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What Are the FDA Requirements for Aqueous Coatings?

August 28, 2012
Question 

Printers frequently use "AQ Coatings", also known as Aqueous Coatings, on various substrates to provide a gloss, satin, or matte surface appearance. There are other types of AQ coatings that are grease resistant, moisture resistant, etc. Are these types of aqueous coatings approved for direct or indirect food contact? What are the determining factors that make them allowable or un-allowable for FDA approval?

Answer 

Your question of whether a line of products – including all types of exterior and interior surface coatings – may lawfully be used in direct or indirect food contact applications is one that can be answered only on a case-by-case basis by evaluating each substance in the coating in light of the intended purpose. Coatings used in direct food contact (i.e., on the surface of the package that may contact food) and in indirect food contact applications (i.e., on the nonfood contact surface of the package) may be regulated under the Food and Drug Administration's (FDA) authority over food additives. In this regard, the question of whether substances used in the coating are properly defined as "food additives" and, therefore, subject to FDA's regulations turns on whether they may become "components" of food; that is, whether the coating substances are reasonably expected to migrate to food at detectable levels under the intended conditions of use.

There are a large number of substances – including some with grease and moisture resistant properties – that are currently authorized for various food contact coating applications under FDA's indirect food additive regulations. See, for example, Title 21 of the Code of Federal Regulations (C.F.R.) § 175.300 (identifying substances that may be used in coatings for metal substrates or repeated use articles); § 175.320 (listing substances that may be used in coatings for polyolefin films); and § 176.170 (authorizing certain substances for use in coatings for paper and paperboard). Listings in these regulations for the various substances may contain use level limitations, food type or temperature restrictions, or other restrictions. The listings in these regulations must be reviewed carefully to ensure they are consistent with the intended end uses of the coatings. In addition to the food additive regulations in 21 C.F.R., components of coatings may be permitted based on an effective Food Contact Notification, prior sanction, or Threshold of Regulation exemption, or on the basis that the coating component is exempt from the need for such a listing because it is considered to be generally recognized as safe (GRAS).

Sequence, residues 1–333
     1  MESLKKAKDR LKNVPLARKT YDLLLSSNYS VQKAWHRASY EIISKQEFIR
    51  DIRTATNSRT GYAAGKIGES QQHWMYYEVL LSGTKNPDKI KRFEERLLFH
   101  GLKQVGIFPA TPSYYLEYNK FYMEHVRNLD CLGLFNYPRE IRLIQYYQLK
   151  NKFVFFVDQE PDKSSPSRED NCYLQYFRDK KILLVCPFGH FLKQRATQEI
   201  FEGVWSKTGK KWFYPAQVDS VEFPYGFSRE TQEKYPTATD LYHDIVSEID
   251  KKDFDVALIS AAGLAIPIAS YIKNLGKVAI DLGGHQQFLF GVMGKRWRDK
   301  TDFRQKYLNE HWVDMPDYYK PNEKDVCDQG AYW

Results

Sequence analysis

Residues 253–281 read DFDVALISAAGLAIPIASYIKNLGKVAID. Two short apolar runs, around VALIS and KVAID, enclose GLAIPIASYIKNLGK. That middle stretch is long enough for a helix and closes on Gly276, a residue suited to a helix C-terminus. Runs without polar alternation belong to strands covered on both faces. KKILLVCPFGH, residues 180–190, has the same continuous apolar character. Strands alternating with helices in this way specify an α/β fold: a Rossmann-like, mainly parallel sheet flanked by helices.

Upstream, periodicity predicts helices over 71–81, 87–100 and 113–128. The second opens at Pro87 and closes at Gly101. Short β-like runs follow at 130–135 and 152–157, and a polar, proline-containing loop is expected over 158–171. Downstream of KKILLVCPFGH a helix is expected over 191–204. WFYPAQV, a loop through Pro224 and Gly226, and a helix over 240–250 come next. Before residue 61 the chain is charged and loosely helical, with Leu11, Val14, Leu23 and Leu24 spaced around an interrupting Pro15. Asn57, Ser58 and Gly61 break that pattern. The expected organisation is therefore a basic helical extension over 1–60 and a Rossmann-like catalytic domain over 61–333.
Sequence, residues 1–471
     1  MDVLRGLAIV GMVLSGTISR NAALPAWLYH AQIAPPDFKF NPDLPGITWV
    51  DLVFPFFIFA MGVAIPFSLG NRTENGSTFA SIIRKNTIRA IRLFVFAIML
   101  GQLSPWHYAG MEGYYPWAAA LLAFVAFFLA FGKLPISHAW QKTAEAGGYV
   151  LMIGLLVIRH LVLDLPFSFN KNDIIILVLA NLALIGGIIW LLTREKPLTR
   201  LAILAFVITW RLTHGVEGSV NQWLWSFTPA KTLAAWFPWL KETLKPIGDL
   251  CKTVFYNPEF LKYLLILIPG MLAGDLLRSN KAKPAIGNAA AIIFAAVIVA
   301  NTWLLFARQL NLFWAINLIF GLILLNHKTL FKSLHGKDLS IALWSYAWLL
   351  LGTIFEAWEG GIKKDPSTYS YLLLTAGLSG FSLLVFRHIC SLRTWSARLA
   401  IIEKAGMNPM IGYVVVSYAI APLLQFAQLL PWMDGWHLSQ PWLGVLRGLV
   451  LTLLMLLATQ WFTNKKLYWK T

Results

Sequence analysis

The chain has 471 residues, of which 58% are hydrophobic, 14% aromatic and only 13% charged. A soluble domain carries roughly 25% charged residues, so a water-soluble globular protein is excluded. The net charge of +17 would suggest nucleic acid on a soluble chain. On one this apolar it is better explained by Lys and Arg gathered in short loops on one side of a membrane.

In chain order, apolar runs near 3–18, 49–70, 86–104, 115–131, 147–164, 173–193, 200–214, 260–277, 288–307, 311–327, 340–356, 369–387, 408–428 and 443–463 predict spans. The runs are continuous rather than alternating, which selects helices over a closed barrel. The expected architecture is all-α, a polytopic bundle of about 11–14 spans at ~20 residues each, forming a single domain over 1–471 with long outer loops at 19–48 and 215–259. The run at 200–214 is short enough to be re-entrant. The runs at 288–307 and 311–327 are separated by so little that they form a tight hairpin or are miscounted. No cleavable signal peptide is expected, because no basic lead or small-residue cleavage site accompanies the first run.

In summary, an evaluation of whether a coating on a substrate (whether used in direct or indirect contact with food) may be used in compliance with FDA's regulations must be conducted on a case-by-case basis, taking into account the full composition of the coating and its intended conditions of use. Each component of the coating must have a suitable FDA status for the proposed use. For more information on FDA's food packaging and indirect food additive regulations, please visit the PackagingLaw.com articles, Food Packaging Regulation in the United States and the European Union, Fathoming Food Packaging Regulations Revisited, and What's Under the Coat of Section 175.300?.